03/02/2010, Irvine, California


Achieving Thermal Control for Power Devices: Die Attach Solder Pastes for Varying Requirements

Not only are today’s package designers and assemblers faced with the inherent design and functionality challenges associated with smaller device footprints and higher I/O counts, but they must also ensure that proper thermal control is built into advanced electronics packages. In fact, heat management for modern power semiconductor devices such as rectifiers, power transistors, amplifiers and countless other consumer and automotive applications is one of the most pressing issues facing the packaging industry.

As these packages marry smaller outlines with higher functions, ensuring efficient thermal management will be key to long-term reliability and performance.

Traditionally, silver-based die attach adhesives have been used to assemble these leadframe devices, whereby a bondline is formed and heat transfer is achieved via an epoxy/silver stacked matrix. Even though the thermal resistance is good, the technology is a decade older than newer-generation solder based systems. While it is an acceptable production method, it is certainly not the most cost-effective or efficient approach to heat transfer. Another commonly used material is pure solder wire. Solder wire is prepared in a clean environment to ensure material integrity. During processing, the solder wire is drawn onto the die and flux-free chip soldering takes place under vacuum and/or under an inert atmosphere. When the inputs into this process are perfectly controlled, it is effective. But perfection is difficult to achieve and there is little margin for error: the purity of the metal throughout the wire must be guaranteed and the environment in which you are performing the solder bonding must be absolutely controlled to avoid any corrosion. Plus, as the industry moves toward miniaturization and finer and finer deposits which dictate precise control, solder wire will likely not emerge as the optimum medium, as repeatable sub-micron deposition volumes will be difficult at best using solder wire.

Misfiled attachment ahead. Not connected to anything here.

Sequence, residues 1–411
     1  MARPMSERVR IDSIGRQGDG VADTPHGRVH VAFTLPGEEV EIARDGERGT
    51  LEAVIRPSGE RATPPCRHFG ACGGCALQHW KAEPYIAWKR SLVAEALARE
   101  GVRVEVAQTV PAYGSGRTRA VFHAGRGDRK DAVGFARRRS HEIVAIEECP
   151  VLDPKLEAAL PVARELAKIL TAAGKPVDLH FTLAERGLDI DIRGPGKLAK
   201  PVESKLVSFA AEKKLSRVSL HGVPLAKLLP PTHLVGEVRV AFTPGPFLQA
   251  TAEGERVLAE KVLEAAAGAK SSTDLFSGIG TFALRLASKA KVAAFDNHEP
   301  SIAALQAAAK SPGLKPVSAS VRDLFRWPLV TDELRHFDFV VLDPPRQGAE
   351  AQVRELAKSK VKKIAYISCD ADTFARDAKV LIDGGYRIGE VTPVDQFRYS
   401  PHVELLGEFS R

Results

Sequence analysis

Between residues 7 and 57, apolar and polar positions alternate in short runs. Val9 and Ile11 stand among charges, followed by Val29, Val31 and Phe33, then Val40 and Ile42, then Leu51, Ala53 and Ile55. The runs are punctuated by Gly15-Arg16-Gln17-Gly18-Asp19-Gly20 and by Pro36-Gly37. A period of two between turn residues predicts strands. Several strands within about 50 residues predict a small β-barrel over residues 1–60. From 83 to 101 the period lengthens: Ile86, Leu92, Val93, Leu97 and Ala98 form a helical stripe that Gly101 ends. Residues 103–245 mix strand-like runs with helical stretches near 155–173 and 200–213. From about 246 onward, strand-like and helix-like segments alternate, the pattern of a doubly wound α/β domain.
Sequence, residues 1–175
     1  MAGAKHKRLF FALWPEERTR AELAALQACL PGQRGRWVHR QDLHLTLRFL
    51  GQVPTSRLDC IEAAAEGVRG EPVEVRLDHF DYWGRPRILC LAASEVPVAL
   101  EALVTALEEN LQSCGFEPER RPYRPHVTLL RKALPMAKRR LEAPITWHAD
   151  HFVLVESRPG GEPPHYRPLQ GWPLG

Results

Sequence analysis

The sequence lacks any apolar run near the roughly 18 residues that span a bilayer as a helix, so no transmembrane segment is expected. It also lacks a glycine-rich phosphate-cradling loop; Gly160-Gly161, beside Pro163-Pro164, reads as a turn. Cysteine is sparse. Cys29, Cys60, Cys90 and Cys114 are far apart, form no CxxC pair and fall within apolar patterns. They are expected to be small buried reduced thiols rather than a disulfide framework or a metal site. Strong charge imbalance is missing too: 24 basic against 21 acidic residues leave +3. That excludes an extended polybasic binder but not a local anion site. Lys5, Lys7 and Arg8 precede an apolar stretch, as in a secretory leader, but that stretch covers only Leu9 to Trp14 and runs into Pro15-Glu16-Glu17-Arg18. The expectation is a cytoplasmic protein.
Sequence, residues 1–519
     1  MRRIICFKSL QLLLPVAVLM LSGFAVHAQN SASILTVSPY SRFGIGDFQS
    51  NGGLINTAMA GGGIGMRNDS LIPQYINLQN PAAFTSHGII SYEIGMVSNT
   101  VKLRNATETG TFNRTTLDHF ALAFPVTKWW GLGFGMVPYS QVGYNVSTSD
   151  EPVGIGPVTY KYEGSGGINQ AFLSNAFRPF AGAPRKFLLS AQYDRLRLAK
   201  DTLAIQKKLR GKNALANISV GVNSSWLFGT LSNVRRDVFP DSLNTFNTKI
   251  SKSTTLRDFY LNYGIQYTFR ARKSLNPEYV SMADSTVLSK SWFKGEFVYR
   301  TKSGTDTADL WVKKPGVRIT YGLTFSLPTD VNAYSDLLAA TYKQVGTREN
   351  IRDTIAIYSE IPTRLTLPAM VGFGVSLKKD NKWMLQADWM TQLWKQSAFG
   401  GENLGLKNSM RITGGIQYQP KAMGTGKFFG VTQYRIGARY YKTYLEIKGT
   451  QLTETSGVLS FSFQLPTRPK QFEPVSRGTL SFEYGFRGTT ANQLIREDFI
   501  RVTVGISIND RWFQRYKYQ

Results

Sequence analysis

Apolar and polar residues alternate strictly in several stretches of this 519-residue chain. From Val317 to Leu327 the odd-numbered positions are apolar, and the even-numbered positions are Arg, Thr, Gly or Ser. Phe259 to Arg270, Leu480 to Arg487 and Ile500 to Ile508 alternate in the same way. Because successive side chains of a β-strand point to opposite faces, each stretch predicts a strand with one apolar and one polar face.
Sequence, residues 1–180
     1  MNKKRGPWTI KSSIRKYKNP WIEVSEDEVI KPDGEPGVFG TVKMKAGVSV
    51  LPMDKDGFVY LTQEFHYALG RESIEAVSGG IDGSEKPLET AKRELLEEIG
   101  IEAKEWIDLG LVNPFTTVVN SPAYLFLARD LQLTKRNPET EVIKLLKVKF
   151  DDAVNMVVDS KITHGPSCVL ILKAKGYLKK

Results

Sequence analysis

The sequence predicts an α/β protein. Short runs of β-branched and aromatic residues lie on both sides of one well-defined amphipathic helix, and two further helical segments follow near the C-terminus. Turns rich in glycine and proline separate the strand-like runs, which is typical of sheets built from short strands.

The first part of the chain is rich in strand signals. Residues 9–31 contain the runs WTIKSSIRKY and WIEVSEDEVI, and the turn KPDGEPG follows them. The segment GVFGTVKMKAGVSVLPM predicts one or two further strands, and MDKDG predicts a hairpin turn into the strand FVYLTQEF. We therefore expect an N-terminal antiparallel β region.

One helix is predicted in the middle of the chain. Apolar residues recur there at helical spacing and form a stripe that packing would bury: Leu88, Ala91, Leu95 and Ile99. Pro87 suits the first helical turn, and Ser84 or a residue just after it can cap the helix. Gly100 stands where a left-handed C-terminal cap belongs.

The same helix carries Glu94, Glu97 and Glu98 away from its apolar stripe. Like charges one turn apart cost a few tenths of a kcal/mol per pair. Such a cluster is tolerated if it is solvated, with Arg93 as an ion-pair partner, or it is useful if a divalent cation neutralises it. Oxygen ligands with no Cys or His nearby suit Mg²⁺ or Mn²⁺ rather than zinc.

Driven to find alternatives to current processes and materials, packaging specialists are now focusing on die attach solder pastes as the likely die attach material of choice for leadframe power semiconductor devices. These materials offer the thermal management required, while also delivering the user friendliness and versatility associated with solder paste materials. Because these packages will travel through very high temperature processes during printed circuit board (PCB) assembly, the solder used for die attach applications must have a high melt point to ensure component stability during PCB assembly.    The latest products in this class of materials, Henkel’s Multicore DA100 and Multicore DA101, offer two robust options for varying thermal requirements. Available with a wide range of high-lead and non-lead solder alloys, Multicore DA100 and Multicore DA101 have been optimized specifically for high temperature processes in excess of 350°C and, therefore, ensure no adverse effects on the molded package. Multicore DA100 is designed for syringe dispense applications while Multicore DA101 is designed for printing. So, whatever your process or application dictates, Henkel’s solder die attach portfolio delivers.